Water treatment is, collectively, the industrial-scale processes that makes water more acceptable for an end-use, which may be drinking, industry, or medicine. Water treatment is unlike small-scale water sterilization that campers and other people in wilderness areas practice. Water treatment should remove existing water contaminants or so reduce their concentration that their water becomes fit for its desired end-use, which may be safely returning used water to the environment.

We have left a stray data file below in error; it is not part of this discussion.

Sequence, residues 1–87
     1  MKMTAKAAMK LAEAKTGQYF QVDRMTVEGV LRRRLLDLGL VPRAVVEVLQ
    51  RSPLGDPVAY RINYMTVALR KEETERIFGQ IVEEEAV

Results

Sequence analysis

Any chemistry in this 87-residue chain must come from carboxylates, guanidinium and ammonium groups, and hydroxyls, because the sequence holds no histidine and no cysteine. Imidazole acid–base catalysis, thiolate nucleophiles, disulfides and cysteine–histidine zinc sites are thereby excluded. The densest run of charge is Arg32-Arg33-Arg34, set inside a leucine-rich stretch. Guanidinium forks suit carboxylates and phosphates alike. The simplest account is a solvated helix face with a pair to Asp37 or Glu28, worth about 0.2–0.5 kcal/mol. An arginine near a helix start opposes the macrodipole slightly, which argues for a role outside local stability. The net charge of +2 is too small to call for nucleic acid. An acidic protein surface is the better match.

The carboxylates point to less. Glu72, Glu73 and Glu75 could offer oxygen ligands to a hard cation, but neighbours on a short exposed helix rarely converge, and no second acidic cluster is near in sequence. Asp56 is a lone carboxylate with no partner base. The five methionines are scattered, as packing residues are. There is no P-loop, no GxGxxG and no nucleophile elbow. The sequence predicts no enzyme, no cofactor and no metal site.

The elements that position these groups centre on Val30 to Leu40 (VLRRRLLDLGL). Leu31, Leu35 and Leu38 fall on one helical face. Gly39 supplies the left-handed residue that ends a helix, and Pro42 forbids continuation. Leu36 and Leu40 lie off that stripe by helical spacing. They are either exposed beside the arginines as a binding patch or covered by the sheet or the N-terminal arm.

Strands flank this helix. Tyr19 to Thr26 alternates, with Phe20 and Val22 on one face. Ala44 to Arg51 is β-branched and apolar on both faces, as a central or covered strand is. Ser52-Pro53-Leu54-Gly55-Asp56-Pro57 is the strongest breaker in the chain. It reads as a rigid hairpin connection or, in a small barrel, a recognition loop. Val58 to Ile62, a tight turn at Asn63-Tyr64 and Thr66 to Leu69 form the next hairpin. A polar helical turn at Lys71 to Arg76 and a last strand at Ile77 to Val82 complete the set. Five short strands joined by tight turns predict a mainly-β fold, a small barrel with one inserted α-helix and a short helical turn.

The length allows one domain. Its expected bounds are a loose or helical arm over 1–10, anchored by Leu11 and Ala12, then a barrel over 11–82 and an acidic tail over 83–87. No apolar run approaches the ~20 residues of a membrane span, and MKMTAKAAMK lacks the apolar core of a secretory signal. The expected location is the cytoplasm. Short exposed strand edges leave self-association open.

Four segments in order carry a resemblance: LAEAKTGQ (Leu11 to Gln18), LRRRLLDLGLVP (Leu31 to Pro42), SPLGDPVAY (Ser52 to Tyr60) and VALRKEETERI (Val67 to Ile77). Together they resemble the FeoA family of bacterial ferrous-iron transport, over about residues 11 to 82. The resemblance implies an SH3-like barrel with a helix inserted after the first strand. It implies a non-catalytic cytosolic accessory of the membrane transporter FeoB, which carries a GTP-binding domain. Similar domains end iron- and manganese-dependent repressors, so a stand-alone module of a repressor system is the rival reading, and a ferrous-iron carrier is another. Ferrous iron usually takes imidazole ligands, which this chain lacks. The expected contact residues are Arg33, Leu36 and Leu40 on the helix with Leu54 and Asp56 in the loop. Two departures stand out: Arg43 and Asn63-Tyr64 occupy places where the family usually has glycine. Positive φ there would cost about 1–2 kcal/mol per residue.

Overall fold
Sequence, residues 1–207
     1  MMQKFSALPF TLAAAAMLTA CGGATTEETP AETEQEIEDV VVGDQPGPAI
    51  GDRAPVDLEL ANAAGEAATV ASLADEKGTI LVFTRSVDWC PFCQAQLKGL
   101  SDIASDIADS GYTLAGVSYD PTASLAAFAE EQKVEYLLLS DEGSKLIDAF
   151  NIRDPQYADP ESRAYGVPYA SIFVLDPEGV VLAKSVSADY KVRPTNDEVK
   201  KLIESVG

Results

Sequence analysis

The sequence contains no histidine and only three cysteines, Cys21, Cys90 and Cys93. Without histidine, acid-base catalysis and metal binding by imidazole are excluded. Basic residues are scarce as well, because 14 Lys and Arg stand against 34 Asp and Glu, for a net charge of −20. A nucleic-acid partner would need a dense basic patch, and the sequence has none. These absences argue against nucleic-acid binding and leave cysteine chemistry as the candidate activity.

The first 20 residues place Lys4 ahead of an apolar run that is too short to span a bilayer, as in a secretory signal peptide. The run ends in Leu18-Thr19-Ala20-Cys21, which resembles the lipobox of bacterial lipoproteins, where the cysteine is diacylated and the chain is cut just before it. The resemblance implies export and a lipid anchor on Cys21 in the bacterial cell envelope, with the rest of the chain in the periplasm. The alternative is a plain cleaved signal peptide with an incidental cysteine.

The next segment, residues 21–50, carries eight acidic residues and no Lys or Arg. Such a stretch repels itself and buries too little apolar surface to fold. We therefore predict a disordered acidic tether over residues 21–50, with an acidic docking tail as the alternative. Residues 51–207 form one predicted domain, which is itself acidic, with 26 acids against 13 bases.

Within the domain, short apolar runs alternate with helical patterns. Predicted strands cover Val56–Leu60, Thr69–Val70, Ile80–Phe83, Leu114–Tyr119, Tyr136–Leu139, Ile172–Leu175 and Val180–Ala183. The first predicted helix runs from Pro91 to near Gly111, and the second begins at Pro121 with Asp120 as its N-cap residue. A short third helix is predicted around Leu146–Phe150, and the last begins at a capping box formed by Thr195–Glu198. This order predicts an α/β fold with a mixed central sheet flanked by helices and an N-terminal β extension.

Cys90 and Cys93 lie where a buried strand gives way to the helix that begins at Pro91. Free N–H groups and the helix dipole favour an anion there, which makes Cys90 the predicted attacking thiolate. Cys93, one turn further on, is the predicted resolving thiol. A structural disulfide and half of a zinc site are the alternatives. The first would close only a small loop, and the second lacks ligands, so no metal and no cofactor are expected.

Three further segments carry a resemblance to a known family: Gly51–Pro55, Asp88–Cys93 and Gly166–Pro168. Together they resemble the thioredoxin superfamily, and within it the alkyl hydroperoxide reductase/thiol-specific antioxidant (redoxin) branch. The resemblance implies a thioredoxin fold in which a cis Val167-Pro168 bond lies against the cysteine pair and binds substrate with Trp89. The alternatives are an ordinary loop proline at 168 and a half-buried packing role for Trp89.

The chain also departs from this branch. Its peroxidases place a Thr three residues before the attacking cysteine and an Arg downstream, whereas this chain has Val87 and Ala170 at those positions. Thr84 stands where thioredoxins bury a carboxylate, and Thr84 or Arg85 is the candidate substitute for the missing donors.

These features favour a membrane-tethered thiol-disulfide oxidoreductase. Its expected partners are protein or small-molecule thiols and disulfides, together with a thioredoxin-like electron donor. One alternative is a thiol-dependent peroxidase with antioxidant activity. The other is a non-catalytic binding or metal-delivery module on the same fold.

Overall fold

Water purification is the process of removing undesirable chemicals, biological contaminants, suspended solids and gases from contaminated water. The goal of this process is to produce water fit for a specific purpose. Most water is disinfected for human consumption (drinking water) but water purification may also be designed for a variety of other purposes, including meeting the requirements of medical, pharmacological, chemical and industrial applications. In general the methods used include physical processes such as filtration, sedimentation, and distillation, biological processes such as slow sand filters or biologically active carbon, chemical processes such as flocculation and chlorination and the use of electromagnetic radiation such as ultraviolet light.